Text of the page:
Idaho Free Press from Nampa, Idaho on January 30, 1975 · Page 2
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Idaho Free Press from Nampa, Idaho · Page 2

Nampa, Idaho
Issue Date:
Thursday, January 30, 1975
Page 2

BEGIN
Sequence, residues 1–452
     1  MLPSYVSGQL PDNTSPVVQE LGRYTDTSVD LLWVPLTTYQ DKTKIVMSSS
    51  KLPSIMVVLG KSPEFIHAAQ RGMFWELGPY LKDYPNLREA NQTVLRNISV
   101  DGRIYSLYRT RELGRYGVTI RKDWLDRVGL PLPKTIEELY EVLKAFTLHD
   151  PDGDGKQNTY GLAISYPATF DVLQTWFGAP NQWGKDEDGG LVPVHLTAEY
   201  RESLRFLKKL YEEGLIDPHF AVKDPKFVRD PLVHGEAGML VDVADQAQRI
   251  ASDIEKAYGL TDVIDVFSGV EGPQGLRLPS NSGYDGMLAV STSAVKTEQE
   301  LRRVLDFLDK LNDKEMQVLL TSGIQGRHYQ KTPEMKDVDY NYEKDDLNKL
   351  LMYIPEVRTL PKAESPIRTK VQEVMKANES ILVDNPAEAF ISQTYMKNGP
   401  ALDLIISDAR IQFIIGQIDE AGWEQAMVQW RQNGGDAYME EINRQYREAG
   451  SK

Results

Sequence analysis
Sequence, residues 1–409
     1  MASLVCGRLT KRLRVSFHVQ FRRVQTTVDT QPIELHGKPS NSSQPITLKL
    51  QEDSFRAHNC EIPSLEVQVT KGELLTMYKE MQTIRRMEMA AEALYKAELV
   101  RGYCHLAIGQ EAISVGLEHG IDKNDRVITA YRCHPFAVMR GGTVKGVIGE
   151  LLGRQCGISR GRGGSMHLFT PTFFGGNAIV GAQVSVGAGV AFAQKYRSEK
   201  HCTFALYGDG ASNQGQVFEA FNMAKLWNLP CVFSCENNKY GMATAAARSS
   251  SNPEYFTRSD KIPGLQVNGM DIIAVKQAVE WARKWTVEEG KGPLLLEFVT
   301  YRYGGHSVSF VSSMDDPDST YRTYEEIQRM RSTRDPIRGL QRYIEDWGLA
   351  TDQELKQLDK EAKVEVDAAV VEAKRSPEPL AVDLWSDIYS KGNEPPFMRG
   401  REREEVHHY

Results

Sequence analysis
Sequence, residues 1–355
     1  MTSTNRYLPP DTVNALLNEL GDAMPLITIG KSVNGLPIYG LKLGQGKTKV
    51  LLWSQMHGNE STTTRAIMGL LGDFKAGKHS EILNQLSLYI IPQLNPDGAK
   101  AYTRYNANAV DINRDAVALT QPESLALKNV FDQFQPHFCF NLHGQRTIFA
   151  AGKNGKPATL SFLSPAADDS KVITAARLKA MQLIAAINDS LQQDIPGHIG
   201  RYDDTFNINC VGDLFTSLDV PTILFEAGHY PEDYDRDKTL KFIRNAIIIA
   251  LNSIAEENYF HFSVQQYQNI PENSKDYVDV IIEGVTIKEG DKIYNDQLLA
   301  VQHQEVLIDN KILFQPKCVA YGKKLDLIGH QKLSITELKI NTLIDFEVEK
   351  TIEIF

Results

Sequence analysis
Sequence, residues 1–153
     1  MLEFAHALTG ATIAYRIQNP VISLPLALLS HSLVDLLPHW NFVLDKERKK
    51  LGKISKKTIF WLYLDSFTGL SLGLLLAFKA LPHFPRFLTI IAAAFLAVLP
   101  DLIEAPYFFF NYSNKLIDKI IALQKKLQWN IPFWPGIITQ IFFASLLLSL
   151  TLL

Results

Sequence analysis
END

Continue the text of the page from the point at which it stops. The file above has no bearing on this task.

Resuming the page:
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The Idaho Fpe*Press The News-Tribune, Thursday, January 30, 1975- 2 Off the wire lot* news summaries World Sadat buys Mirages PAUIS (UPI(-Egyptian President Anwar Sadat bought 44 supersonic French-made Mirage fighter-bombers of the latest type armed witha new version of Malra air-to-air missiles during his visit here, industry sources said today. Author blasts Rockefeller TORONTO (UPl)-Formcr Central Intelligence Agency officer Philip Agee, author of a controversial book attacking Ihe spy agency, today called Vice President Nelson Rockefeller a "recipient of CIA services." Agce said the commission Ilockefellcr heads to investigate the organization probably will find little fault with it. Hational Indians given deadline GHESHAM, \Vis. lUIMl-Armcd Indians who have occupied an abbey since Jan. 1, claiming it belongs to them, have been given until noon Friday to respond to the latest offer to leave the monastery peacefully. Ships collide, burn CIIALMETTE, La. (UPl)-Three oil barges and an empty freighter collided Wednesday on the Mississippi River creating a wall of fire that paralyzed 15 miles of Ihe nation's longest inland waterway. Washington Soviets want corn, not grain WASHINGTON IUPI)-The Soviet Union wants to subslitule 3.7 million bushels of corn for wheat it has already ordered from the United Stales, according lo informed sources here. The sources, who declined to be identifed, said Ihe switch has not yet been approved by I'.S. government officials. Nuclear plants closed down WASHINGTON iUPII-As a result of small cracks found in the pipes of a nuclear power reactor in Illinois, the governmenl has ordered 23 such plants across the country (o close down within 20 days so checks can be made on the safely operations. Solons okay railroad aid WASHINGTON (UPll-The Senate has approved $275 million in emergency aid to prevent a shutdown of the Pcnn Central , RailroadaHheendof.Fcbruary,but House passage may be delayed. Clemency board extended WASHINGTON (UPD-Presidenl Ford will extend the life of the Clemency Board for anolher month beoause of the heavy influx of new applicants, Board Chairman Charles E. Goodell said today. Valley weather BOISK -- /i lugli pressure area dominates Ihe weather pattern over Idaho today, but a cold air mass still hangs over Ihe stale. The cold air is keeping overnight temperatures below normal for most local stations. The cold spot of the Gem State Wednesday nigh I was Stanley, wilh 41 below zero. FairfieW dropped lo 17 below and many olher stations in Ihe southeast highlands were below zero. Other overnight low temperatures reported this morning were 11 below zero at Idaho Falls, 2 above al Pocatcllo and Ontario, Ore., 15 al Lewislon and 16 at Boise. Clear skies and light winds prevailed over most of Idaho during the night, but Southeast Idaho experienced low clouds and some light snow. No significant amounts of measurable accumulation were reported at Pocalello or Idaho Falls. The main cause of this precipitation activity was low level moisture IrappccJ in (he Upper Snake Itiver Valley. Conditions this morning have improved over Southeastern Idaho, which will join the rest of Ihe stale today in cold, but sunny weather. A Pacific front off the Washington coast is expected to spread cloudiness inlo North Idaho by tonight and into Southern Idaho Friday. Scattered snow showers will occur Friday over North Idaho and may occur in South Idaho Friday night. The Idaho extended outlook Saturday through Monday calls for unsettled wealher, with periods of snow in Northern Idaho and a chance of snow flurries in Southern Idaho. Below-seasonal temperatures will continue. Beef growers get first 75 checks OGDEN, Ulah -- Continuing high prices for sugar have prompted the Amalgamated Sugar Company this week to make a supplemental payment, its firsl of 1975, lo local sugar- bcel growers. Under the provisions of their participating contracts wilh the company, local growers in Idaho, Ulah, and Oregon will receive individual checks amounting to $13 million by this weekend. This will bring the company's lotal payments to date lo $64 million for Ihe 1974 beet crop. Utah growers will receive $635.000; Mini-Cassia growers will receive $3.1 million; Twin Falls growers will receive $1.6 million; Elwyhee growers will receive $855.000; and Nampa- N'yssa growers will receive $6.7 million. This initial payment for 1975 follows very closely the company's payment picture of lasl year when growers received a supplemental payment in early February. This initial 1974 payment was followed by a series of supplemental payments throughoul Ihe year because of (he unpredictable marketing condilions t h a t existed al that time, and which continue today. Company officers said Ihis early 1975 payment is based, primarily, upon marketing pressures in the world to buy sugar. Annually, the Uniled Stales musl buy approximately 50 per cent o' its sugar from foreign countries. Domestic producers provide 'lie balance used. Noon Stock Quotations STOCK QUOTATIONS: FURNISHED THROUGH: EDWARDD.JONESanrt COMPANY of CALDWELL DOW JONES AVERAGES NOON Industrials 705.59-.39 Transport a (ion t 162.04+.99 .Utilities, ,,- . . i.. ^.^ "JlO^lk-.ig Composile ' · 229.41 LISTED STOCKS Alberlsons 14 American Telephone 48^ Bethlehem 30 7 /» Boeing 16^ Boise Cascade 14^ Chrysler 11% Champion Home Builders 3'/ a Exxon 74% Fleelwood lO'/i General Electric 38',i General Motors 39'/6 Idaho Power 26=!s IBM 1B7H Kcnnecott 34 5 ,« Kit p , Morrison-Knudsen HPs Occidental Petroleum 14'.Philips Petroleum 40' 4 RCA 13\ Reynolds Tobacco 56'.ii Sears 037, Si. Oilof California 25?» Union Oil 37?,. Union Pacific 68^1 Wcslingliousc U 3 .i Winnebago 4 LOCAL OVER THE COUNTER QUOTES BID ASK First Security Bank 32's 33.j Idaho 1st Nal'l Bank 30 33 IntermounlainGas 12 12'^ MUTUAL FUNDS BID ASK Col. Inc. Fund 7.93 8.67 Inv. Co. of America 10.25 11.20 Key D - 4 B n n F d . 6.92 7.59 Puinam Growth F. 7.88 8.61 Putnam Investors F. 6.06 6.62 Northern Idaho counties draw temporary job fund (Continued fro'm I'afie 1) materials available to Ihe individual. The second seclion of Ihe program is set up lo supply people wilh government jobs in public agencies. The third section of CETA is Ihe Emergency Jobs Program.Thiswill sel up temporary jobs for people who are unemployed, and will he created by the cities lo keep Ihe unemployment rale down. McFarland said CETA was Ihe best way to cut Ihe unemploymenl rale in Idaho. He said, "We realized that CETA was a new kind of instrument." The pay rate for the jobs made available under Ihe CETA program will be $2.75 lo $3 an hour for the workers, Andrus said. North Idaho also learned about insurance programs for the unemployed from Jack Anacabe, chief of benefit payments, Idaho State Department of Employment. Anacabe said Ihe slate has "built a .whole arsenal of weapons lo figh! poverty.'" Under Ihe Iwo insurance programs-thc Regular Unemployment Insurance.Program and the Special Unemployment Insurance Program-iho only people in the ilale who arc not covered are !l»: self en'!*V« ! i"! l «« 1 '*) officials. To receive unemployment insurance a person must be looking, available, and wanting work. The regular amount paid by Ihe insurance programs is a minimum of $17 a week for 10 weeks lo a maximum of $83 a week (or 26 weeks. Anacabe told the representatives thai in fdaho one million dollars is paid ou( weekly in unemploymenl checks. There arc 15,000 checks scnl out each week to Idaho residents who arc unemployed. Andrus said this money is "high velocity dollars" because il is pul back into the money stream in Idaho. Two state officials remained in Ihe Couer d'Alene and Lewislon areas lo help county officials work oul Ihe programs. They will explain and clarify (he programs lo officials and lo local depnrlmenls of employmenl in Ihesc areas so lhal Iwal officials can make the programs available lo Ihe public. Andrus said his concern is lhat Ihe public should know of Ihe programs because "Unemployment is (tic largos! problem we face." lie also poinlcd oul thai anyone with questions about Ihe programs should notify their local departments of rmplnymrnl for information. Rodeo yearbook ads stir up confusion Obituaries 1 N'AMPA--Confusion c o n c e r n i n g solicitation of advertising support for a slatewide rodeo yearbook is causing concern among directors of Ihe Snake River Stampede and Caldwell Night Rodeo. Gene Richey, president of Ihe Snake River Stampede board of directors, expressed his displeasure today over rumors that somebody was seeking adverlising support for a program in competition with Ihe Stampede souvenir program. Similar concern was echoed by Gene Graves, a director of the Caldwell Night Rodeo. The misunderstanding results from the efforts of the Roger McGinnis public relations firm in Boise to promote a statewide rodeo yearbook containing information and history about all the rodeos in the stale. Contacted Ibis morning, McGinnis said the yearbook, "The Idaho Rodeo Review," is being sponsored by Ihe Idaho Cowboys Association (ICA). But according to McGinnis, advertising solicitation by his firm for Ihe yearbook has not begun in Canyon Counly al this time. "We have nol gone inlo Canyon Counly and won't sandbag any one area, but will make il a stale publication," McGinnis promised. "Il is not designed lo pinpoint any one rodeo, but all Idaho rodeos." McGinnis said if overtures lowurd potential advertisers in the area are already taking place Ihey arc unauthorized by him. The public relations executive further explained lhal the book will contain history of rodeo in Idaho from all levels-the tCA (o the RCA and will include stories about professional rodeo slars who started in Idaho. He expects advertising support from the entire stale, nol an isolaled area. , For many years Bela Sigma Phi sororily members in Nampa and Caldwell have handled advertising sales (or the rodeo programs and will continue lo do il this year. In Nampa, solicitatiqn will begin early in February, according lo Rulh Winnicki, city council president for the four Nampa sorority chapters. The local adverlising campaign benefits both (he sorority and Ihe rodeo, according to Mrs. Winnicki. She said the ads pay for the book and (he profits, if any, are distributed equally between Ihc'stampede board and the sorority. The Nampa sorority president said lhal some rumors had reached her (hat Ihe ICA project and Ihe local rodeo projects had been combined. "This is not true." she said. "It is unforlunale that some misinformation has been given lo various businesses concerning the ICA. indicating the advertising was for the Snake River Slampede program," Hichey said. "Bela Sigma Phi will solicit advertising for the program as Ihey have in the pasl." The stalemenl was echoed by directors of Ihe Caldwell Night Rodeo, according lo Graves, who verified thai Bela Sigma Phi also will continue lo handle their advertising campaign. Melba auction Firm/s Mais $72,000 reeorc ! s seized MELBA-Everylhing from baled hay to baby beds was sold for a gross figure of $12,038.52. from Melba's 26lh annual Community Charity Auction Wednesday. Richard Reineke, auction chairman, reported lhal afler expenses forauclion prizes, food and miscellaneous items are deducted, an estimated $10.600 will be available (or community and charity services. A bate of hay was purchased for $8 and a bale of straw sold for S5. Other hay brought S1.7S per bale and slraw 70-80 cents. Alfalfa seed brought near SI per pound. Grant Yarber purchased the 51 a n WaV on, |p«r s,on. ajly.- a u lo r graphed "basefall for $195' and Bob Morris now owns a Dodger club autographed baseball afler paying $170. Phil Pease had stiff com- pelilion in bidding for a three day Owyhee back-country fishing trip offered by John Tyson. His check was $420. The Ernie Bahem family fishing excursion wenl to Bud Yost of Nampa for $150. The one- day family fishing trip to a private fishing lake in Owyhee County was sold to Ernie Herman for $65 and Wayne Welch of Nampa had the lasl bid on a one- day (rip for Ihree at the private lake for $60. A handmade quilt featuring Ihe flowers of each slate m-vlp by ladies of Hie Baptist church was purchased by Ihe Idaho Stale Bank for $175. II was resold again lo Richard Keincke of Melba for aiiollicr $175, lotalling $350 for the quill. Four other quilts auctioned brought $50-l5 each. A silver- mounted, polished-rock belt buckle marie by Harry Ellis brought $70, a matching necktie $50, and a necklace and earring set sold for $40. But people were nol in the mood (or marriage. An engagement and wedding ring set brought otily $2(1. One lady's leg shave "lo the knee only" offered by Fuller's Barbershop in Nampa was sold lo an unidenlilied local woman for $15 for which auctioneer John Hayes said, "Thank you, lady." The one-halfbeef offered as an auction prize went lo Jewell Sholley of Kuna; a hind-quarter of beef went to Mary Jamison of Melba; fronl quarter of beef lo Harry Ellis, Nampa; one-half pork to Marie Douglas. Melba; and another one half pork, to George Kuglar, Melba. The afghan given as a prize wenl lo Burke Neeley of Nampa who requested it resold al which time it brought $55. The fishing cooler went lo Ernie Herman if Melba and (ho toaster oven lo John Allen of Nampa. Church offers plan for oil WASHINGTON (UPI) -Sen. barrels a day by 1977. Frank Church, D-Idaho, today - The Federal Aid Highway called on Congress to enact an Acl would be amended to give alternative lo President Ford's the Secrelary of Transportation oil program which would include and the governor of any state emergency rationing and a cut- authority lo shift funds from highway projects to mass tran- back on oil imports. Al a news conference, Chinch, chairman of the Senate subcommittee on multinational corporation, described his five-part plan which has been developed over Ihe lasl 18 months through his panel's hearings on oil companies: --Creation of a U.S. pclrolcum import-administration aimed at breaking up what Church called "Ihe happy marriage" between U.S. oil companies and oil-producing countries. The administration wiHild hopefully act as Ihe major, if nol sole, U.S. oil purchaser and would resell supplies lo American oil companies for import inlo (he Uniled Stales. The administration would theoretically have more bargaining power (o force down oil prices than U.S. companies competing among Ihemselves. - A two-tier rationing system would come into effecl when U.S. oil availability drops lo 1G million barrels a day. Kach licensed driver would receive about 9-10 gallons a day. but could purchase further coupons through a legal "while market." -- Oil imports would he reduced lo A level of 4.5 million Woman is kilted SUPERIOR. Mom. l U P I i Ann Meredith, 24, assistant lo Ihe news director al radio KSEI in I'ocalcllo, died Wednesday in a traffic accident on an icy road west of Superior. si! projects. -- An amendment lo Ihe Internal Revenue Code of 1954 would place an excise lax on automobile purchases lo penalize "gas sutlers" and lo promote small automobiles. Church, who is one of Ihe leading specialist in Congress on oil imporl practices, criticized Ford's program for raising the price of oil per barrel by approximately $3. He warned lhal rising oil prices were an important clement in the U.S. inflation which, he said, could lead In economic collapse in (lie west. NAMPA--BooVkerping records and other documents were seized Wednesday a! the NH3 Fertilizer Co., 2616 Second SI. S. Exl.. Nampa. to determine if Ihe company has been over- c h a r g i n g c u s t o m e r s (raudulenlly. Investigation of over-charging for dry bulk fertilizer began wilh complaints made lo the Consumer Protection Division of Ihe Idaho attorney general's office. The information received also was discussed wilh (he Canyon Counly prosecutor and a request for a search warranl followed. The warrant, issued by Magistrate Milton Birnbaum, was based on allegations that customers were charged in excess of theamounl of fertilizer - received and that thousands of dollars are involved, according to Ally. Gen. Wayne Kidwell. Scales al the company wore checked Wednesday by Ihe slate Department of Weights and Measures, when county and slate authorities visited the firm. Canyon County Prosecutor James Morfitt said Iho evidence will be reviewed "lo delermine what, if any, criminal or civil action is required." Kidwell added lhal his in- vesligators arc going through (he seized records today and if any action is necessary it probably will be filed in Third ·District Court in Caldwell. He commented lhal if offenses are found (he consumer laws "can have [eclh in (hem if we do our homework properly." The company is not closed (town and can continue lo operate during the investigation, Kidwell said. The firm is owned and managed by Gary and Don Knudsen. Three killed in icy crash IDAHO FALLS I UPI) - An Idaho slate policeman, his wife and son died Wednesday in a traffic accident on an icy road near Hammer, Idaho. Three olher persons were in jured in the crash. Wendell Gailey. 29, his wife, Janet. 27, and son Darin, 7, died from injuries they received in (lie crash. Two sons, Chris and Michael were reported in fairly (!ood condition at an Idaho Falls hospiliil. The Gailcy car collided head- on wilh ,i vehicle driven by William Birmingham of Billings Mnnl. Christian Muniertr NAMPA-Chrislian Schmi- crer. 64, Narnpa Route 3, died this morning al a Nampa hospital. Services are pending at the Alsip Funeral Chapel. EfhelB. MeKeef/i GRAND VIEW - Graveside services for Ethel Bolen McKeelh. 81, formerly of Grand Vicvr, who died Wednesday al a Wendell nursing home, will be conducted al 10 a.m. Friday at Riverside Cemetery in Grand View. Officiating will be the Rev. Tony Gamley of the United Presbyterian Church of Wendell. She was born on Dec. 29, 1884, in Wisconsin and came lo Grand View in 1907. She married William Moss McKceth on June 21. 1911. in Grand View. They moved to Santa Ana, Calif., and returned lu Grand View in the late 195US. She had been al a nursing home in Wendell lor the pasl few years. She was a member of the Presbyterian Church. Surviving are two nieces, Janice Bolen Brown, Newport Beach, Calif., and Harrielte Sheik, Springfield, Ore.; two nephews, Murray Bolen and Lee Bolen. both of Los Angeles, Calif; and a cousin, Gerry Stankc, Nampa. Raymond L Davis NAMPA - Raymond L. "Red" Davis. 56, of Salmon, formerly of Nampa Route 7, died Sunday al his home in Salmon. He was born on Aug. 1,1918, in Hansen, Idaho. Among survivors is his wife, Shirley, of Salmon. Services will be conducted at 2 p.m. Friday al Jones Funeral Home in Salmon. Masons to attend Abrahams rites C A L D W E L L - A l l a r e a Masons have been requested to meet al 9:30 a.m. Friday al the Caldwell Masonic Hall before Ihe funeral services for Merrill G. Abrahams at I I a.m. at St. Matthews Episcopal Church in Ontario. Ore. Abrahams, a former Caldwell resident and brother of Slate Sen. Dean Abrahams of Caldwell, died earlier (his month in Nevada. He had been active in Masonic organizations in Caldwell, where he was a past high priesl of the Royal Arch Masons No. 19. IEA remark draws reply BOISE (UPI) - Two lop education officials took issue Wednesday with Ihe executive secrelary of Ihe Idaho Education Association over his comments that the four stale colleges arc a taxpayers' burden. A joint statement by Stale Supcrintendenl of Public Instruction Roy Truby and Milton Small, executive director of the office of the Slate Board of Education, said Ihe comments made Tuesday be IEA Secretary Wayne York were "un- forlunale," inappropriate and untimely." Truby and Small said York's comments "can only lead lo open warfare lo Ihe dclrimenl ol educational opporlunily for all Idaho sludents." "The Slate Board of Educalion is deeply concerned about needs al all levels of education, kindergarten through graduate school and including vocational-technical programs." they said. Hattie L, Palmer ; NAMPA - Funeral services for llatlie I. Palmer. 84. formerly of 1923 Fourlh St. S., who died Tuesday al a Lewiston nursing home, will be conduc]ed al 2 p.m. Saturday at Ihe Alsip Funeral Chapel.' ·;!; The Rev. Leo W. Reed, pasty of the Nampa First Baptjsl Church, will officiate. lnternti[il will be at Hillcresl Memorttt Gardens. . -J! Mrs. Palmer was born Marth 15,1890. near Westvilte, Mo.^fte daughter of William and JijJJa Wilson. She married Lcjris Wetzel Palmer June 12, 1912^1 Marcelene, Mo., and Ihey livjd on a farm al Weslville, Mo. During World War II she worked as a seamstress in a defense plant al Council Bluffs, Iowa, where her husband was a railroad engine foreman (or Ihe Union Pacific Railway. They lived in Council Bluffs for many years and Mr. Palmer retired as a switchman in 1954. II was his interest in hunting and fishing that brought them in 1954 lo Nampa where they resided for Ihe past 20 years. He preceded her in death Nov. 8, 1974. ' Since thai time she has been residing wilh her sister,, Mqs. Frances Uenner, and Ivjo nieces, Mildred Renner and Winifred McMillan, of Lewishjn. She is also survived by another sisler, Mrs. Emily AkridgeTof Bremerton, Wash. During her stay in Nampa, Mrs. Palmer won many blue ribbons at fairs for her quilts and needlework. She was an active member of Ihe Nampa Firsl Baptist Church for many years and a member of the Womens Society of (he church. Pearl F. Law WILDER - Services for Pearl F. Law. 84, of Wilder, who died Tuesday in a Caldwell nursing home, will be conducted at 2 p.m. Friday al Dakan Funeral Chapel, Caldwell, by the Rev. Merle \V. Burres of the United Methodist Church. Charily Rebekah Lodge No. 75 will conduct inlermenl services al Wilder Cemetery. She was born on Dec. 10,1890, in Cusler, S.D., a daughter of Daniel and Lillie Green. She attended school at Spearfish, S.D., until the family moved by covered wagon lo Vale iti 1902. They later moved to the Dixie community west of Caldwell.- She married David H. Law on Dec. 25, 1907, and they homesteaded near Greenleaf. She had lived in the Wilder community Ihe lasl 50 years, Mr. Law died on March 1, 1963. She was a member of the Wilder Uniled Methodist Church. Ihe United Methodist Church Women's Society arid Charily Rebekah Udge. Surviving are three sons, Paul J. Law, Caldwell, Denver of Beaver Creek, Ore., and David Law Jr., Culver, Ore.; a daughter, Gladys Bishop, Melba; a brother, Bill Green, Madras, Ore.; a sister, Ruth Woodward, Redmond, Orec, nine grandchildren and 10 great- grandchildren. -j» Memorials may be given |fo » Ihe United Methodist Church of* Wilder. lahiff Funeral Chapels Homedale, Narripq, Caldwell Escaped trusty returns to jail CALDWKLI. - "Recession Seventh and Main, Caldwell. His works a hardship on everyone," supervisor though! he was in the (hen found him observed Canyon Counly Sheriff George W. Nourse Ihis morning when he reported l h a l an escaped Irusly returned to Ihe jail early May. Duke Giles, 21, Caldwell Itoule 7, apparently was unable logcl a loan or funds of any kind lo leave the area,., became cold and hungry and relumed In Ihe jail al 1:30 a.m. today, Ihe sheriff said. (tiles had walked away from a work detail about 10:30 a.m. Wednesday at Ihe Magistrate Courl Section I building, men s room, missing. Giles was hooked into the jail Jan. 21 nfler he lold Magislrale Milton Uirnbaum he would sit out $345 in bench warrants and fines on eight different citations. Al $5 u day, lhal adds up to 69 days in (ail. Nourse added that Giles is now denied trusty privileges and (he sheriff will confer today wilh .lames Morfitt, Canyon Counly prosecutor, lo determine If other charges should be broughl. KRAFT' NATURAL 4 1Q MILD J 19 r __ Reg. 1.49.. 1 fc . K/s?s??...j» SHARP *«9. 1.79 |b. JfOGURT I ;4 t 3^"°-. 1011 -- i/ipi.Zj Cnmpbtll't, i»g. IT . J/ |, "-·.ajfiSasS ^SXt",'"'"" 1 ""' " RAY DRIVE-IN DAIRY \ 140«-2ndSl,Sc .V